One final plaudit for the film is the superb costumes and actions of the apes.
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12 of 13 people found the following review helpful By Michael Ings on 12 Oct 2004
Format: DVD
One of the most popular figures of (pulp)fiction and the movies was finally taken seriously in 1984's epic Greystoke. Having read all 24 books- more than once- and grown up on the B-movie Tarzans fron Johnny Weissmuller to Mike Henry, and not forgetting the 6os TV Tarzan Ron Ely, I remember how excited I was when the Greystoke project was announced. Was I happy with the result? Well yes and no. The film looks fantastic - the jungle scenes are atmospheric and beautifully filmed. The apes were a revelation and still look good today despite the onset of CGI effects. Christopher Lambert was supremely well cast in the title role, a good decision to move away from the muscle-bound image of the character, and he brilliantly portrays the central dilemna of a man caught between two very different worlds. Best of all is Sir Ralph Richardson, in his last screen role, as Lord Greystoke - Tarzan's grandfather. My only reservation really was the overriding bleakness of the film. Tarzan is orphaned early on,loses his ape mother to hunters' arrows, his grandfather and his ape father. Apart from Tarzan, Jane, D'Arnot and Lord Greystoke everyone seems particularly dislikeable, selfish and seedy as "civilisation" is found wanting alongside the lore of the wild. It all becomes rather over-wrought and melodramatic. That said, I would heartily recommend the film as it raises the story to a higher level and tackles some weighty ideas. Having waited so long for its tranfer to DVD it is a pity that so few extras are included. The film is the same as the theatrical cut, and that which was available on video, despite extra scenes being available including an alternative ending. The audio commentary is amiable enough, if rather self-congratulatory, but rather technical - more anecdotal stuff would have been good.Read more ›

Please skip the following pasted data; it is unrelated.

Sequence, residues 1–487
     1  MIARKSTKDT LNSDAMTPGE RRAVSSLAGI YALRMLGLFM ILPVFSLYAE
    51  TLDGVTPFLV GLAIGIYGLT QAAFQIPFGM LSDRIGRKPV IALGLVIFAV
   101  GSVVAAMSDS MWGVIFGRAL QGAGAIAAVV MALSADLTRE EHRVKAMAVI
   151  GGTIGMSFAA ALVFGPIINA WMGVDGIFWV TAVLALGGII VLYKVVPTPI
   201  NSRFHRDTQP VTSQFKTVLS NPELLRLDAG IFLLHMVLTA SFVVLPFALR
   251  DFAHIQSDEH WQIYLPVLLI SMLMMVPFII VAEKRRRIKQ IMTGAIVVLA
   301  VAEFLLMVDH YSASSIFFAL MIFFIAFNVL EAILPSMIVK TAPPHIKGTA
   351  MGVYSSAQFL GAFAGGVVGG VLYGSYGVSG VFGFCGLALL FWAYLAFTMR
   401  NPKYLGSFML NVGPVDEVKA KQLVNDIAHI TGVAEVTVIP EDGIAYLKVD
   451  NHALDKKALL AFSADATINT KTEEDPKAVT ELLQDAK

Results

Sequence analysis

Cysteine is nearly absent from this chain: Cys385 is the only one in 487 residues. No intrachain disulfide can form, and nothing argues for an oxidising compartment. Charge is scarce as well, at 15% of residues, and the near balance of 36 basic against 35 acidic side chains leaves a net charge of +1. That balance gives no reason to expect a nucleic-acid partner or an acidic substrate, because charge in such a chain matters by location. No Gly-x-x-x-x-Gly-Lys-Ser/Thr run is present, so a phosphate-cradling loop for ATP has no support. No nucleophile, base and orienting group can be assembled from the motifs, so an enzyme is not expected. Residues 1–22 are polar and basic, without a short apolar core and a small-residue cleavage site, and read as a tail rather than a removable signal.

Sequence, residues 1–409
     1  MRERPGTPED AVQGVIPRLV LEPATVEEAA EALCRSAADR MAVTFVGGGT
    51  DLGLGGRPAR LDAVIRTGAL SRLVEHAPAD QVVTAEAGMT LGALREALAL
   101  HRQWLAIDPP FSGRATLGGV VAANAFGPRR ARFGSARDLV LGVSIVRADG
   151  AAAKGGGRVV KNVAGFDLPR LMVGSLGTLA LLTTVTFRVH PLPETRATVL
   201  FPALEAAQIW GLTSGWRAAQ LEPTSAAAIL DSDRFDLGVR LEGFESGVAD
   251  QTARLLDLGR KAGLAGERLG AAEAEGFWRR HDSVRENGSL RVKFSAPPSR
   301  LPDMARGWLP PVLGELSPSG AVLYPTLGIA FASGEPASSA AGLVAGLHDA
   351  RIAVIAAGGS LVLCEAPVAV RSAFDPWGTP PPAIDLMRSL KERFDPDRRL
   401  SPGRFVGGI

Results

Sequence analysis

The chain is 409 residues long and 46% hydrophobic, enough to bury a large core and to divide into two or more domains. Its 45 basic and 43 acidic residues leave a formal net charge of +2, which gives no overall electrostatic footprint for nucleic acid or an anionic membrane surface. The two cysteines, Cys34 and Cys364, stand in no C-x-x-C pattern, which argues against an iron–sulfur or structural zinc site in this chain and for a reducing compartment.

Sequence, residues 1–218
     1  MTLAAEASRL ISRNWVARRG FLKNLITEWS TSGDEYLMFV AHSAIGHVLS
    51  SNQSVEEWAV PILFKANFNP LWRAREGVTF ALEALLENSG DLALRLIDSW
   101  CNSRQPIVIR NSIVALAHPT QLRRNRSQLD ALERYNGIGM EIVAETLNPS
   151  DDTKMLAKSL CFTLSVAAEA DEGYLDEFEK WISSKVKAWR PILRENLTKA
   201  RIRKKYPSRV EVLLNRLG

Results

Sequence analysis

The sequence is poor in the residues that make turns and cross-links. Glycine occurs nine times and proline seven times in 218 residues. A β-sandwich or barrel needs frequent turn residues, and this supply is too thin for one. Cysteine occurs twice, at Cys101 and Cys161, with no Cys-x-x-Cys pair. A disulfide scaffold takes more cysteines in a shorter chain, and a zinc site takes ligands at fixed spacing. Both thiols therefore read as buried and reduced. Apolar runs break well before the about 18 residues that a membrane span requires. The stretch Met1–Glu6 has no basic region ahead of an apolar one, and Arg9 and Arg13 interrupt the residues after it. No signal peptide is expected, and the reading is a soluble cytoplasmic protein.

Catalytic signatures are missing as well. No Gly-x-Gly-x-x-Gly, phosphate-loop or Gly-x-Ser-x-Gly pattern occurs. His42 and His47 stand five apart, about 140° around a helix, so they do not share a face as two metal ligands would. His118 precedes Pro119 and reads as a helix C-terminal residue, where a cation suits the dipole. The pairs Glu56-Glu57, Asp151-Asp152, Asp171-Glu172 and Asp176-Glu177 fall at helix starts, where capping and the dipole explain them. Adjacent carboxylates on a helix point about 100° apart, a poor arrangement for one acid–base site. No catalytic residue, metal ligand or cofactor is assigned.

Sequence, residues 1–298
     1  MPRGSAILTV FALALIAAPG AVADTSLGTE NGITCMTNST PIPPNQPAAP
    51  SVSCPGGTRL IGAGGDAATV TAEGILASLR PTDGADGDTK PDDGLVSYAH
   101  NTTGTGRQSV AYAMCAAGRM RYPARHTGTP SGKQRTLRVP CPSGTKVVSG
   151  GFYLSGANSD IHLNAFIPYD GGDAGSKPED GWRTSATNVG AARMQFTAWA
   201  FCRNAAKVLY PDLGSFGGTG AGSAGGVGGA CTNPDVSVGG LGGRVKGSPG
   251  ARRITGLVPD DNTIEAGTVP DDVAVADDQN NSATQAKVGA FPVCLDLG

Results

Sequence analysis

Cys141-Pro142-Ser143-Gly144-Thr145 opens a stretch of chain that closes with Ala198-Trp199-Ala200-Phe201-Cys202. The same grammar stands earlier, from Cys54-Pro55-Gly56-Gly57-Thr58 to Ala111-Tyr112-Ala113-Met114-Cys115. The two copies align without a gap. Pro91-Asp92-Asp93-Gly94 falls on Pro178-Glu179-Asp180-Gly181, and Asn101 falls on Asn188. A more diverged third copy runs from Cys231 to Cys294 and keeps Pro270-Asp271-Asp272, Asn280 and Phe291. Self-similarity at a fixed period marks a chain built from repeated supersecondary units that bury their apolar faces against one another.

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4 of 4 people found the following review helpful By J. Rottweiller Swinburne on 7 Jun 2010
Format: DVD
Other reviewers have commented that this is the most faithful adaptation of the original book to have appeared on screen, and I won't argue with that, never having read it.
Certainly the first half of the film lives up to its promise. The recreation of the murky jungle of the Belgian Congo is perfect, making you feel as if you've walked into the pages of a Joseph Conrad novel. The characterisation is wonderful - David Suchet stands out in a small but unforgettable part as a corrupt and louche Belgian tradepost manager-cum-white slaver, and Ian Holm as the trader/explorer who discovers Greystoke is similarly note-perfect. An unforgettable moment is where the explorers chance upon a tribe of pygmies living in the derelict carcass of a dead elephant - one of the most perfect pieces of cinema that I've ever seen.
However, it all goes downhill once the action shifts away from the Congo and to Britain, where Greystoke is taken to claim his inheritance. We have the obligatory love story, with Greystoke rescuing his simpering love-interest from the clutches of a Victorian Music Hall-style villain, intent on the Greystoke inheritance. There are the (would-be) comedic attempts to turn the Apeman into an English country gentleman (kippers and custard, quite literally). Ralph Richarson turns in a good performance as the Lord of the manor from whom the Apeman will ultimately gain his inheritance (a performance not dissimilar to the one he played, as God, in "Time Bandits" and one which, come to think of it, is not dissimilar to almost every other perfromance of his that I've seen). Everyone involved does their damndest to make it work; but once the location is moved from the Congo, all dramatic tension is lost.